From here, the mystery begins and Margot disappears, leaving David to follow the digital trail she left behind. This is where the film becomes extremely self-aware and furthers its exploration into its characters. David is trying to avoid being the controlling parent, but still worries about his daughter. We see the battle internally of a parent not wanting to overstep his boundaries, but still worrying about his family. Once it’s clear that something is wrong, all bets are off, and we see David use familiar applications and sites to further unravel the events that transpire. A missing persons detective, played by Debra Messing, is brought into the case, and the plot moves from there as the two try to locate Margot. The viewer is put into the shoes of David Kim and his pursuit of information. He gets into his daughter’s Facebook, Instagram, Tumblr, and other apps based in reality, which gives the film an extremely authentic and familiar feel.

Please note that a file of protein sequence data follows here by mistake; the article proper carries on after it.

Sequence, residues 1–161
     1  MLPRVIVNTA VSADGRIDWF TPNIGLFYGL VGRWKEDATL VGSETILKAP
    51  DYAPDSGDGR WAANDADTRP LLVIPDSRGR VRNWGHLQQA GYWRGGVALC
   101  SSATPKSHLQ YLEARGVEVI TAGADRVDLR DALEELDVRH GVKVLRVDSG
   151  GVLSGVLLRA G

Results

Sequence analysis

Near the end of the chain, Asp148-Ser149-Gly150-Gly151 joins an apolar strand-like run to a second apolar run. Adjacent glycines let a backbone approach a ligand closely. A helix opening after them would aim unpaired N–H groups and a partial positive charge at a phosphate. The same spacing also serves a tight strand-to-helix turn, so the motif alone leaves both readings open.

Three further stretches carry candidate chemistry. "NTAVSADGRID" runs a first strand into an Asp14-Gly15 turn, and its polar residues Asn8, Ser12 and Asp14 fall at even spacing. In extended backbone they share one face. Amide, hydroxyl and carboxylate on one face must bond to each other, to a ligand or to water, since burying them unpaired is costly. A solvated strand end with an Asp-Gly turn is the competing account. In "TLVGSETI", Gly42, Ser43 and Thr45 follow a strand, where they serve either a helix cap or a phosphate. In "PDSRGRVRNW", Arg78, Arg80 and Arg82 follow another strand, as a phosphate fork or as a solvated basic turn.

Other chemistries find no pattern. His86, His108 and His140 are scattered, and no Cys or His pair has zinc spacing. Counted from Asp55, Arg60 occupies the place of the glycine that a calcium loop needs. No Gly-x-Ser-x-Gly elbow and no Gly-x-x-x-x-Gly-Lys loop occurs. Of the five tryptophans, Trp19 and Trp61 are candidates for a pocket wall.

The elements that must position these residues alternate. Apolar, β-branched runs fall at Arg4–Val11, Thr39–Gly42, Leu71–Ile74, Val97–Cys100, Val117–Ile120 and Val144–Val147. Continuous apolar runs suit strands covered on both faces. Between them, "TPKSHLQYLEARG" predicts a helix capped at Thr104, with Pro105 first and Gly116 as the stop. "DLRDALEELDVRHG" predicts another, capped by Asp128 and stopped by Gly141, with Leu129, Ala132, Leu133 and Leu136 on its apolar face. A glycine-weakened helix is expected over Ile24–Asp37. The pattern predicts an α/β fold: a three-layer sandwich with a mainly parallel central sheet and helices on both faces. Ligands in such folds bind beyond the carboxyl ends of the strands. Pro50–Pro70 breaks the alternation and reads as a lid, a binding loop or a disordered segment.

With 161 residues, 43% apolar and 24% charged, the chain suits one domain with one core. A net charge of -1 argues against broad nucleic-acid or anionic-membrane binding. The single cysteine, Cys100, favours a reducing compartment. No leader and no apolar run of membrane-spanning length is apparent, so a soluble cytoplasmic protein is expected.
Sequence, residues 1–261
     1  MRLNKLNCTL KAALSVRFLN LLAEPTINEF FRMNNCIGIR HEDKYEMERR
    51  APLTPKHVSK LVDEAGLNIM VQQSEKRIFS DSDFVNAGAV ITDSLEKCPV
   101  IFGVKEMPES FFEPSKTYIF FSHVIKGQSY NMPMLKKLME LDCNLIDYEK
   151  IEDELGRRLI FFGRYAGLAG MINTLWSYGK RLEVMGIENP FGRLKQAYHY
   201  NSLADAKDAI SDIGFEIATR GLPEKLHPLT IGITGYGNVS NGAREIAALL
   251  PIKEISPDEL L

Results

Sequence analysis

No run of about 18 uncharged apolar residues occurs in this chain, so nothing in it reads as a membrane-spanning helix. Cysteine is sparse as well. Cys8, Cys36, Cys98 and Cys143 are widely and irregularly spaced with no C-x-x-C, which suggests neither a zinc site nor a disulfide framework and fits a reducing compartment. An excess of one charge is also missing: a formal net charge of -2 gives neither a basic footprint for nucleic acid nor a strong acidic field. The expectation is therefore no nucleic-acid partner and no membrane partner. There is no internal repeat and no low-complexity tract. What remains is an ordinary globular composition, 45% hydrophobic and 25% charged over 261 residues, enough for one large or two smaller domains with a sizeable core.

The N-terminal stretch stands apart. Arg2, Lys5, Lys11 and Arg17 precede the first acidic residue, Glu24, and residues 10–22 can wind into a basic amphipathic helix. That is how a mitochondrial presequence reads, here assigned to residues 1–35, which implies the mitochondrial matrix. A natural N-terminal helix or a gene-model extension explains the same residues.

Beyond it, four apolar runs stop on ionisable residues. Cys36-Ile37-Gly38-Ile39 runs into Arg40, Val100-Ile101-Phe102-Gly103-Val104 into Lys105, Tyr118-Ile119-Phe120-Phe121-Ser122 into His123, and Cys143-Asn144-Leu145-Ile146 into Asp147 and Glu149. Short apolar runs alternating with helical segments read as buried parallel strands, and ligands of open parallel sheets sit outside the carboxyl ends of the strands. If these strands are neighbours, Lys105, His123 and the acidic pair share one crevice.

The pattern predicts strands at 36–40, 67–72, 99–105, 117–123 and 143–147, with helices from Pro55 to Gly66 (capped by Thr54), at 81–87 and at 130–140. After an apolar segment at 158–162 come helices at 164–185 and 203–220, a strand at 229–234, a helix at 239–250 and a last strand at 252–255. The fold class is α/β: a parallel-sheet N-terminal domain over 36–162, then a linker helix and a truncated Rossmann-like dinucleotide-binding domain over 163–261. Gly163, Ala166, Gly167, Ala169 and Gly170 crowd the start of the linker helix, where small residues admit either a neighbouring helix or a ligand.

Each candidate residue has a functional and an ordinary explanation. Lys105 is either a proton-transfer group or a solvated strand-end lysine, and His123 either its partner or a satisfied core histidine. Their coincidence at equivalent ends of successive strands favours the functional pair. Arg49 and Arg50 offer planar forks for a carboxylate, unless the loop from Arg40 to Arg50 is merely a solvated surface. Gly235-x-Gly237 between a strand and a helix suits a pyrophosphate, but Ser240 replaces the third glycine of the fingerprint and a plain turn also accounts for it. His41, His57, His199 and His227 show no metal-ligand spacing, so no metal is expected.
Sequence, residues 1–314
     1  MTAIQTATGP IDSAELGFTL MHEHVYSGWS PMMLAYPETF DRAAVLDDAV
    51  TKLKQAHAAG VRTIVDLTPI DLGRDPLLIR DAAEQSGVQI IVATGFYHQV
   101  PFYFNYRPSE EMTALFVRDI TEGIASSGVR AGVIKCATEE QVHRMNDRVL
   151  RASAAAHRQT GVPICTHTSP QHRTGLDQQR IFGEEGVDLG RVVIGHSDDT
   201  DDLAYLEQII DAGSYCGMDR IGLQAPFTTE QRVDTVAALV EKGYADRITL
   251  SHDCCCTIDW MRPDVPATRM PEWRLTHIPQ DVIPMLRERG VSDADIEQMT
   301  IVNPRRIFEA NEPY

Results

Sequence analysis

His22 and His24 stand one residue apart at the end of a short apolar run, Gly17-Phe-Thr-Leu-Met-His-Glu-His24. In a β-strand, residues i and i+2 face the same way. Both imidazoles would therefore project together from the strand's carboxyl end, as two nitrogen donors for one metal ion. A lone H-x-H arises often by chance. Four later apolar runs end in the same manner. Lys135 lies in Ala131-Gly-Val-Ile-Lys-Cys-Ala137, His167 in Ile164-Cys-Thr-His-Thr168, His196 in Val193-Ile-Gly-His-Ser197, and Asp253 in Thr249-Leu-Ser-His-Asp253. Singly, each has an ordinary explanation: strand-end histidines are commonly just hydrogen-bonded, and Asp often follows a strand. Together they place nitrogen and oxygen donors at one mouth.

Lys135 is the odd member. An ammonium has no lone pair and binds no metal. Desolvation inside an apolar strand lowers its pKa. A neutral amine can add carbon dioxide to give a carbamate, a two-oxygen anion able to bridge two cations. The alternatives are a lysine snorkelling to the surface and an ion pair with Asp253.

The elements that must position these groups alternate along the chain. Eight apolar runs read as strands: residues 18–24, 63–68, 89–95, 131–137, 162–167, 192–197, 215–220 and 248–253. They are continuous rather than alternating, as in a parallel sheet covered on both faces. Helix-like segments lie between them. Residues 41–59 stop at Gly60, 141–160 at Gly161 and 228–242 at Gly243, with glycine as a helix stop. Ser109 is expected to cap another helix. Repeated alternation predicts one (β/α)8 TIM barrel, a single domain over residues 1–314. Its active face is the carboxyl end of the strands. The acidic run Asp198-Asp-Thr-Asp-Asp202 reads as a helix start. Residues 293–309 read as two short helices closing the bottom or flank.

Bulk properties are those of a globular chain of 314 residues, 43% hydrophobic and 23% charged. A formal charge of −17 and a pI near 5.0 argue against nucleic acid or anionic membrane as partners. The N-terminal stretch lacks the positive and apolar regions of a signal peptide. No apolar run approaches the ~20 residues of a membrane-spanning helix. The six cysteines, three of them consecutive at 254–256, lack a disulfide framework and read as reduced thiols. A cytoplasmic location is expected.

It is clear that the filmmakers are very socially aware and knowledgeable about the Internet, as we do not just see the websites, but the personalities behind them. From using Reddit and observing your typical Internet detective that jumps to conclusions, to seeing the false sincerity of Facebook friends and empty “thoughts and prayers,” we get a taste of the society that social media has created. This is where the film becomes self-reflective of society. Multiple of Margot’s classmates are questioned by the father, and most of them don’t truly view themselves as friends with her, painting her as an outcast. Yet, when the news breaks that Margot is missing, the hashtag #FindMargot quickly takes off. Those same students that distanced themselves from her are now seen garnering sympathy for the event, claiming how close they were to Margot. This false sympathy is something quite common on social media today, and it was infuriating to see it unravel in real time. This, however, is what makes the film so relatable—we know every character because we have seen someone like them on our own social media platforms. The lack of personability behind the abundance of information is something that perplexes David. He sees all of this information surrounding him about his daughter, but no one truly knew her; not even him.